AHP readers may be interested in a new piece in Mobile Media & Communication: “Disciplining the Akratic user: Constructing digital (un)wellness,” by Chad J. Valasek. Abstract:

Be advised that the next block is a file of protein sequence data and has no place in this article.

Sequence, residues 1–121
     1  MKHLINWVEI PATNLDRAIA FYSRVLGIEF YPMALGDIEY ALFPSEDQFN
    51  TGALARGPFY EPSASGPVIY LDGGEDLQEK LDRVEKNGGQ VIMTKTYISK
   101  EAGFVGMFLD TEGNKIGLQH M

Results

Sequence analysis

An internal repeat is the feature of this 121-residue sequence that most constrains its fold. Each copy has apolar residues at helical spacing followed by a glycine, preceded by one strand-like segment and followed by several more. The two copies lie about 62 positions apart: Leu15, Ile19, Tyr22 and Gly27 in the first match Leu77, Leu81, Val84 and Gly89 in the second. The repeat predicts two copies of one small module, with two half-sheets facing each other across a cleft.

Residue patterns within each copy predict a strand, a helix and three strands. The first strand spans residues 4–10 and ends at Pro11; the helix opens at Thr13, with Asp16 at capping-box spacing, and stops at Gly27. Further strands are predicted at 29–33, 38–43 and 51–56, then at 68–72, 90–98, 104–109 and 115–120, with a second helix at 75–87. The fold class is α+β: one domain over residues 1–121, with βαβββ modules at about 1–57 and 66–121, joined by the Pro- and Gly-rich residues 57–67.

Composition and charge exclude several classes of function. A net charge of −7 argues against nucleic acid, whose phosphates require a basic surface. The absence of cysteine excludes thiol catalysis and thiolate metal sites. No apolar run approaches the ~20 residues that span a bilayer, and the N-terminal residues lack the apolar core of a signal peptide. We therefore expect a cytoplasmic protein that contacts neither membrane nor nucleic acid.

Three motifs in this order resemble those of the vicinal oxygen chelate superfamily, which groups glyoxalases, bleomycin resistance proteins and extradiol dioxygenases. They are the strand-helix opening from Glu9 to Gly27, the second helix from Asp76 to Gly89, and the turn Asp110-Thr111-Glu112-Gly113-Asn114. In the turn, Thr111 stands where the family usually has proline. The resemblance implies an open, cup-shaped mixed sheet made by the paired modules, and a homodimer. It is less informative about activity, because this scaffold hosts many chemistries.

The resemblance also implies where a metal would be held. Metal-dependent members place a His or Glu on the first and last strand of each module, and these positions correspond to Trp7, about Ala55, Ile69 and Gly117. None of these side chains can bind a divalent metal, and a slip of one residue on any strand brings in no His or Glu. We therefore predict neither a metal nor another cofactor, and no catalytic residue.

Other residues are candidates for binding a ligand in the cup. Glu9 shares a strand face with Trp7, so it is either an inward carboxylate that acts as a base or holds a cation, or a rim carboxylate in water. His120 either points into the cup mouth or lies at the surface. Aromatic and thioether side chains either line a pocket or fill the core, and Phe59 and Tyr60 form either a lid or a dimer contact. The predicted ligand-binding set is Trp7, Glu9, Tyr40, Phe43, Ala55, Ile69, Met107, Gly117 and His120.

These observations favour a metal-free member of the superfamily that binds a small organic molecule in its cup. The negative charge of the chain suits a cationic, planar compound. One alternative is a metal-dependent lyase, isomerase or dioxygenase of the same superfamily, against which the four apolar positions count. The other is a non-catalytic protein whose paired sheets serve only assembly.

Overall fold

Contemporary discourse around digital well-being tends to focus on self-control when it comes to “addicting” social media apps and digital devices. By acting on behalf of users, designers and engineers promote various self-regulating products and services in order for users to “fix” the distractible brains of typical users. This paper explores the role of the history of psychology on user-experience thinking and engineering and provides a critical genealogy of digital well-being discourse and persuasive technology. In particular, I expand on the role of dual-process models in human–computer interaction and health behavior change from the 1980s to today. By exploring the social construction of the distracted, impulsive, “primitive” animal brain (system 1), I find that it is this part of the mind that the engineer wishes to “treat,” via app design. In order to tame this “primitive” brain, researchers and engineers have turned to behavioral science, hoping to better structure user options and encourage users to manage their own time and normalize screen habits. I argue that normality discourses like this are founded upon ideas of time management and delay of gratification, whereas abnormality is tied to ideas of immediate gratification and time wasting. This dichotomy is not simply to enforce social norms around time wasting, but reinforces social and econoimc inequities. Therefore, unlike some other approaches to digital well-being, I urge future scholarship on the subject to examine the taken-for-granted social-cultural context, which will lead not only to a more politically nuanced understanding of the subject but may also lead to further discussions over how digital well-being could be conceived otherwise.